Catherine Hunter, MD
University of Oklahoma Health Sciences Center
Vice Chief, Division of Pediatric Surgery and Program Director
What is your lab’s long-term/big-picture research goal?
Our lab studies a terrible disease called necrotizing enterocolitis (NEC). It occurs in about 5% of all babies in the intensive care unit and typically affects those who were born prematurely. Our goals are to understand why some infants get NEC and to develop strategies to prevent and cure NEC when it does occur.
What is your training/scientific background?
I was born and raised in Edinburgh, Scotland. I went to medical school at Cornell University in New York, and completed a general surgery residency and pediatric surgery fellowship in Los Angeles. During my time in Los Angeles I worked at Children’s Hospital of Los Angeles studying NEC, where I also took care of my first patient with NEC. As a new attending, I started my own research laboratory at Northwestern University in Chicago. I am dedicated to studying and developing strategies to eradicate NEC.
What is the goal of your OCASCR project?
In this project we will be developing mini-intestinal units grown from the stem cells of our patients. We will test them to find out how they respond to factors that are associated with the development of NEC. Insights from this work will allow us to understand why patients get NEC and develop targets for therapies.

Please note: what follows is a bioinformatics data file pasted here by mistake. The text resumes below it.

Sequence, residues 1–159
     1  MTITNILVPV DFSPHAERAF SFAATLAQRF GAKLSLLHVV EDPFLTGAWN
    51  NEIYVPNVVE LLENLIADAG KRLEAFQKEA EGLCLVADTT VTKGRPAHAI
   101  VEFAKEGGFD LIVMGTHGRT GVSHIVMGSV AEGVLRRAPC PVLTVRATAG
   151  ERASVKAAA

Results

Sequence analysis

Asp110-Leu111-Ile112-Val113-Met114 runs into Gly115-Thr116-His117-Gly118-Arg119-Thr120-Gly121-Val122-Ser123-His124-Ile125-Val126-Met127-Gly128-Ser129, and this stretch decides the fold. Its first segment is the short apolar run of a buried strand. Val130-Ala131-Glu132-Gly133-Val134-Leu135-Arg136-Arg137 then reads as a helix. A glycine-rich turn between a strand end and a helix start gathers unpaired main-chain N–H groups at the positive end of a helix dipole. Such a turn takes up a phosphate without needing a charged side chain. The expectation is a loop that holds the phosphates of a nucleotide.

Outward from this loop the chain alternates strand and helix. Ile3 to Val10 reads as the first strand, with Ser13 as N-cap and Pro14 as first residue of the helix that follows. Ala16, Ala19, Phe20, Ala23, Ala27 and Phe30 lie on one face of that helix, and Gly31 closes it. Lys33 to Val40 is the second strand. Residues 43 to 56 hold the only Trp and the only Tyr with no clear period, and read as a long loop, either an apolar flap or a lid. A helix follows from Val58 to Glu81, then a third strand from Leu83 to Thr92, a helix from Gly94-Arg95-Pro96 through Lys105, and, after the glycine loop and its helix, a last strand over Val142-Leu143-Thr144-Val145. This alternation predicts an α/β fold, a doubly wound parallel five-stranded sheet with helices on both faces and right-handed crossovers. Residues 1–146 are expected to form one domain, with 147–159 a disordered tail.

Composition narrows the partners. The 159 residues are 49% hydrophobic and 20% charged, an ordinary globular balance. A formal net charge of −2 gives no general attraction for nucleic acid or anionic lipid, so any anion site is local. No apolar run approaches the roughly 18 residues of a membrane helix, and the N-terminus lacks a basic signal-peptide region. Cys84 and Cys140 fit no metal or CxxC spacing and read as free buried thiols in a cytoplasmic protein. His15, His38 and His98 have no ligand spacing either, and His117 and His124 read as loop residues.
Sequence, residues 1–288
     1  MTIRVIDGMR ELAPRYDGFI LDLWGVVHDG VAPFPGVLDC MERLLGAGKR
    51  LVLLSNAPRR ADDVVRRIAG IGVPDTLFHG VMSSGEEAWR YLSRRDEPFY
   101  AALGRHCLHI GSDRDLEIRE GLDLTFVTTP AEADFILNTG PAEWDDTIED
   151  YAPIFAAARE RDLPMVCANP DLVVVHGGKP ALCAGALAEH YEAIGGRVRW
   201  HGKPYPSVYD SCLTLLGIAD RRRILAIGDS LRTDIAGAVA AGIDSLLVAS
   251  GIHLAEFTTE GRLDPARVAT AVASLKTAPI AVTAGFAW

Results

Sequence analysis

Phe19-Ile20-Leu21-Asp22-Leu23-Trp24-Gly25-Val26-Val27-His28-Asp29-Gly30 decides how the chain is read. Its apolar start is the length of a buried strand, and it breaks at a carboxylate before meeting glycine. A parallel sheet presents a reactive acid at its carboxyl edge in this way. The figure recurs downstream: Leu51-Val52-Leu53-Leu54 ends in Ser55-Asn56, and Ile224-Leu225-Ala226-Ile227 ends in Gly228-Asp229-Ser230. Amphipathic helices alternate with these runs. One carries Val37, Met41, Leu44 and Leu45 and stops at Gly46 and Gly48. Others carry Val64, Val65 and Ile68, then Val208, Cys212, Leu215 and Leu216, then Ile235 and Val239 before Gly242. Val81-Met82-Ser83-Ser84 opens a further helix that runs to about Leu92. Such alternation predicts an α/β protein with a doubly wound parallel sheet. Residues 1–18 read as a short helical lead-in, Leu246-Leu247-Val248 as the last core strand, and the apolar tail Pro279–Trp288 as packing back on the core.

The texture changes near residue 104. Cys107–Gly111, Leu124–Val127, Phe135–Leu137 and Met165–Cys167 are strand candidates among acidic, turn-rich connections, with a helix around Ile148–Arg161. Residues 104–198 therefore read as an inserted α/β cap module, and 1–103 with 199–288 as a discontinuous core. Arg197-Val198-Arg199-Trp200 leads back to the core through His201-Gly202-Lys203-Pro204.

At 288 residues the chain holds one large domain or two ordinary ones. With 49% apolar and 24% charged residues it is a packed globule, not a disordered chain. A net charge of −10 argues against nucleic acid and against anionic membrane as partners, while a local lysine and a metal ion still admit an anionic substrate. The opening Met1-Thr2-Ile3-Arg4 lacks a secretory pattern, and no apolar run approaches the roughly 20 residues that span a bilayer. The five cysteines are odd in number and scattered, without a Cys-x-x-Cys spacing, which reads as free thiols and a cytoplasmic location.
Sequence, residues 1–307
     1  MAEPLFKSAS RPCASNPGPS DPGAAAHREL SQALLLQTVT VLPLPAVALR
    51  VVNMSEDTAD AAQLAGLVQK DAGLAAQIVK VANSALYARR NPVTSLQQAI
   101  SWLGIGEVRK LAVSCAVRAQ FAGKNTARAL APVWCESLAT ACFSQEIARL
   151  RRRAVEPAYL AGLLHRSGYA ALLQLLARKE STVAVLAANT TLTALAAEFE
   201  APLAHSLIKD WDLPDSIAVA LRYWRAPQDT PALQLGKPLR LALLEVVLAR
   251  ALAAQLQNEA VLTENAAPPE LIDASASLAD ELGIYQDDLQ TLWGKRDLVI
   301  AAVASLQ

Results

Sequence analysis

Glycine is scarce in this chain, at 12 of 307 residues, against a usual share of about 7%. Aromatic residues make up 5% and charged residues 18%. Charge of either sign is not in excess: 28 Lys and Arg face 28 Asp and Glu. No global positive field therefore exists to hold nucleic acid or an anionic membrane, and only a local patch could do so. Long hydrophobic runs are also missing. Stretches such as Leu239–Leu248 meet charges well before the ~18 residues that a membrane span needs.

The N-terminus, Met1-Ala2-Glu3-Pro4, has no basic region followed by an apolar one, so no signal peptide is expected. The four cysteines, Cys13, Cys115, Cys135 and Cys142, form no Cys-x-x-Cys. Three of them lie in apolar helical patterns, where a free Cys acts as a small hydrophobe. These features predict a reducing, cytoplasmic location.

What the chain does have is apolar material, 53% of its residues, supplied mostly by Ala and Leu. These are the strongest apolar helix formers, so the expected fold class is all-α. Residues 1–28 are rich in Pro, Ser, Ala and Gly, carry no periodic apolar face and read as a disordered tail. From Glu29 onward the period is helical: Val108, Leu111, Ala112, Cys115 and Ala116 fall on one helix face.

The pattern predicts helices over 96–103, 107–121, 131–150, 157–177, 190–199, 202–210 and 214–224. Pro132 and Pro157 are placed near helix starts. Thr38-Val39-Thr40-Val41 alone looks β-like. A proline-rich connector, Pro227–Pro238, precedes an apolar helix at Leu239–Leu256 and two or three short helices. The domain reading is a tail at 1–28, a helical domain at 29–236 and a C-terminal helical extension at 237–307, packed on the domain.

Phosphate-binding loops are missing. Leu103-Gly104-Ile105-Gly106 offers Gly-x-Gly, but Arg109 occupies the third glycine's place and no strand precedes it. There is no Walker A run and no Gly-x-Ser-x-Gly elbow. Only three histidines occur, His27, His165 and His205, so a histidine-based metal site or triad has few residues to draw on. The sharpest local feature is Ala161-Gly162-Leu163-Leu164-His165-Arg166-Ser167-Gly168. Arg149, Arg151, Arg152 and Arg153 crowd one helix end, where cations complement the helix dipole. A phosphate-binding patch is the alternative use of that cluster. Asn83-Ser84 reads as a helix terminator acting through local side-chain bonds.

How might your research impact diseases related to obesity or smoking?
Both smoking and obesity are associated with an increased chance of premature delivery. This leads to an increased number of “at risk” infants.
What’s your most critical piece of research equipment in your lab?
We have a -80 degree (super cold) freezer in our lab. This lets us store precious samples of intestine provided by patients. We study these samples to determine the causes of NEC.
What’s your favorite scientific meeting to attend?
My favorite scientific meeting to attend is the American Pediatric Surgical Association. It is a wonderful mix of clinically relevant topics and excellent science from around the nation and world.
What is special about your work?
I love being a pediatric surgeon because I have the opportunity to help babies and children. Research gives me the chance to help an entire population of kids in a way that complements my clinical service.